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Good morning. It is an honor for me to join you at the New Economic School. Michelle and I are so pleased to be in Moscow, and as someone who was born in Hawaii, I’m glad to be here in July instead of January.
I know that NES is a young school, but I speak to you today with deep respect for Russia’s timeless heritage. Russian writers have helped us understand the complexity of the human experience, and recognize eternal truths. Your painters, composers, and dancers have introduced us to new forms of beauty. Your scientists have cured disease, sought new frontiers of progress, and helped take us to space.
These contributions are not contained by Russia’s borders, as vast as they are. Indeed, Russia’s heritage has touched every corner of the world, and speaks to the humanity that we share. That includes my own country, which has been blessed with Russian immigrants, enriched by Russian culture, and enhanced by Russian cooperation. And as a resident of Washington, I continue to benefit from the contributions of Russians — specifically, from Alexander Ovechkin.
Here at NES, you have inherited this great cultural legacy, but your focus on economics is no less fundamental to the future of humanity. As Pushkin said, “Inspiration is needed in geometry just as much as poetry.” And today, I want particularly to speak to those of you preparing to graduate. You are poised to be leaders in academia and industry; in finance and government. Before you move forward, however, it is worth reflecting upon what has already taken place during your young lives.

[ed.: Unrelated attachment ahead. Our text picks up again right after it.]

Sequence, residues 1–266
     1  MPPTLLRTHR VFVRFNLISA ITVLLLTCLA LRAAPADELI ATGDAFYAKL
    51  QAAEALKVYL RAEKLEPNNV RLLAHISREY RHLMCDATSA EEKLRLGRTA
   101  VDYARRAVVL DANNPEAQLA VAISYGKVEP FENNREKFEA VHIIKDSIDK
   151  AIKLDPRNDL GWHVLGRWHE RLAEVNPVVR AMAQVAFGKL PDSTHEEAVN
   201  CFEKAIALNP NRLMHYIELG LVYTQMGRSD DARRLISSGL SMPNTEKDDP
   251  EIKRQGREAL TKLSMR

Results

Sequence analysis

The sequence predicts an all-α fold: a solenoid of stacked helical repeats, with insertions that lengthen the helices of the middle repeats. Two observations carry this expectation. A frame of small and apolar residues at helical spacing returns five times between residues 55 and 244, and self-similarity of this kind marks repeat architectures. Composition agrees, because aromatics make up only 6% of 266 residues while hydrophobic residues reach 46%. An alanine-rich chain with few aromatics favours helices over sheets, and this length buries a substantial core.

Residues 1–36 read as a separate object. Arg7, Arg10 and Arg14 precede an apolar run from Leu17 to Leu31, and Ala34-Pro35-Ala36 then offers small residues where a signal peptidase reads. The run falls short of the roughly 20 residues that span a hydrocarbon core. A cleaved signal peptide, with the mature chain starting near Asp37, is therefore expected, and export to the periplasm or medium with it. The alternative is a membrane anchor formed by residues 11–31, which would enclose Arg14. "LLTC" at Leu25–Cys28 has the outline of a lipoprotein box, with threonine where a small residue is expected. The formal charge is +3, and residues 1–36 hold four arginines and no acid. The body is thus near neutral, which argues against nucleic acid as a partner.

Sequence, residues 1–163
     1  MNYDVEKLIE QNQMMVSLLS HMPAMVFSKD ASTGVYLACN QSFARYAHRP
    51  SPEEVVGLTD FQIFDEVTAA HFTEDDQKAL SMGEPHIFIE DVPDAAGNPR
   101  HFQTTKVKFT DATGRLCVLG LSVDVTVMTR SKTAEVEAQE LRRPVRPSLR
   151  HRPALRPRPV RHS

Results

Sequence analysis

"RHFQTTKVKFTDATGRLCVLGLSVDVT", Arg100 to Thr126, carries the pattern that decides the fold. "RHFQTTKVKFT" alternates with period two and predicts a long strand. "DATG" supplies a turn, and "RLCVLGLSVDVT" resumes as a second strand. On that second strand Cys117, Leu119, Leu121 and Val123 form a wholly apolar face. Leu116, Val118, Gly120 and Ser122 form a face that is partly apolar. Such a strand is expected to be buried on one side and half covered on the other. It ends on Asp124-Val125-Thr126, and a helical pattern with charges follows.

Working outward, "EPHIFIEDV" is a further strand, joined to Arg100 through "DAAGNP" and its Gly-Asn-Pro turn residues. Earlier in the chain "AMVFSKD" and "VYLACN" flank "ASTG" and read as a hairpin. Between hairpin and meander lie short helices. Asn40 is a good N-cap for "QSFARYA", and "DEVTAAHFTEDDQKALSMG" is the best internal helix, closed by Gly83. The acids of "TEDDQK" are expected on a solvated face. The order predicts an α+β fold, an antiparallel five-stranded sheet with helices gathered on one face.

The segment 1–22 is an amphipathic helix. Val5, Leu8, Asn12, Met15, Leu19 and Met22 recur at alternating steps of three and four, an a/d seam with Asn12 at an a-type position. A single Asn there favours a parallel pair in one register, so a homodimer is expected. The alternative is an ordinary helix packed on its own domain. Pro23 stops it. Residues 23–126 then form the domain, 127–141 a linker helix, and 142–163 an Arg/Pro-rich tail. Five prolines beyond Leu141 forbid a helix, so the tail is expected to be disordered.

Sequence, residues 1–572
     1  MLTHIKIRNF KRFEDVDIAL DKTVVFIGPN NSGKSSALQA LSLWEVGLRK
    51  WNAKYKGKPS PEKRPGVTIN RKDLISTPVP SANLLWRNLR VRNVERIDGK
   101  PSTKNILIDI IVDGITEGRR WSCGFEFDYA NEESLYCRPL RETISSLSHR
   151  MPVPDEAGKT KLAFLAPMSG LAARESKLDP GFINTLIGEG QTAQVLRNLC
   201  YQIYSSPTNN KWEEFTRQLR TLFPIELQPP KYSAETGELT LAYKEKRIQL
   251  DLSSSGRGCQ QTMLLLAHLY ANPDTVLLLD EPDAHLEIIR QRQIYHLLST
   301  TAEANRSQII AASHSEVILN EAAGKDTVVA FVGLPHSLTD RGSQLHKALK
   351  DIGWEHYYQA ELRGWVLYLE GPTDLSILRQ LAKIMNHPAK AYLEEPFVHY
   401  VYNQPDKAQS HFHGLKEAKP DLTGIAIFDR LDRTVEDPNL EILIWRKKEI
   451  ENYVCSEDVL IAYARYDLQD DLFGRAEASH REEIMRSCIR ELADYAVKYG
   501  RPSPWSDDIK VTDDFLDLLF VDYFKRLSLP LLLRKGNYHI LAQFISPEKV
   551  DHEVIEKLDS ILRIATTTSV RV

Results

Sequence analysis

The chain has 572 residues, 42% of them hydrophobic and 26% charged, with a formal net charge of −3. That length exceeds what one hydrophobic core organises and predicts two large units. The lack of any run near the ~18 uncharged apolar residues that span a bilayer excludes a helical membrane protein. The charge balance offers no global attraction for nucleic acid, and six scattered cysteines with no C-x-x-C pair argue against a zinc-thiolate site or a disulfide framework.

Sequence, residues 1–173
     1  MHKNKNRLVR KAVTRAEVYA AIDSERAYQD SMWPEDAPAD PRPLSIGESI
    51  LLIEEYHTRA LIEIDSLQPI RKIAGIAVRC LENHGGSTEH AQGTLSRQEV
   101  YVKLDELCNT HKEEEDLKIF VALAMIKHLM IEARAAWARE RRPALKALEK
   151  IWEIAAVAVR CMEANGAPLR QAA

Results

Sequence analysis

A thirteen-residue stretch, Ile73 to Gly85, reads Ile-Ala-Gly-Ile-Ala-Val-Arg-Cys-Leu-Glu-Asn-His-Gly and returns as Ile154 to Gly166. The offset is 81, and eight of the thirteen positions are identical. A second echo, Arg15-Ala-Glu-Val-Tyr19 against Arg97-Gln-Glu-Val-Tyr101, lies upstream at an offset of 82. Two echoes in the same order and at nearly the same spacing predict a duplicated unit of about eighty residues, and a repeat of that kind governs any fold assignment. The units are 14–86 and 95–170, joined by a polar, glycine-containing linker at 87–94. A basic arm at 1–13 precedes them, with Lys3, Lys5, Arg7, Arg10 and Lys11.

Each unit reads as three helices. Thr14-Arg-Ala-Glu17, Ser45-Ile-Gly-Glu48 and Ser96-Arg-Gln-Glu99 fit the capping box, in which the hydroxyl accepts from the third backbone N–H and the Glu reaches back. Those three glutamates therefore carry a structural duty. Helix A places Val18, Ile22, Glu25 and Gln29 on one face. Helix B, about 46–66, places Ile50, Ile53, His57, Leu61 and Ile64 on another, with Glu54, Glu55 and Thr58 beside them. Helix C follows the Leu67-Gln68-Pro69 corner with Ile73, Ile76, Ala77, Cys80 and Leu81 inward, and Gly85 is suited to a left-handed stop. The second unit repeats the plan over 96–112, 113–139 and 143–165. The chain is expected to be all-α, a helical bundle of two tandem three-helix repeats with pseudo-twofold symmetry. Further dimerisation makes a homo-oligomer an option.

Like President Medvedev and me, you are not old enough to have witnessed the darkest hours of the Cold War, when hydrogen bombs were tested in the atmosphere, children drilled in fallout shelters, and we reached the brink of nuclear catastrophe. But you are the last generation born when the world was divided. At that time, the American and Soviet armies were still massed in Europe, trained and ready to fight. The ideological trenches of the last century were roughly in place. Competition in everything from astrophysics to athletics was treated as a zero sum game.
Then, within a few short years, the world as it was ceased to be. Make no mistake: this change did not come from any one nation alone. The Cold War reached a conclusion because of the actions of many nations over many years, and because the people of Russia and Eastern Europe stood up and decided that its end would be peaceful.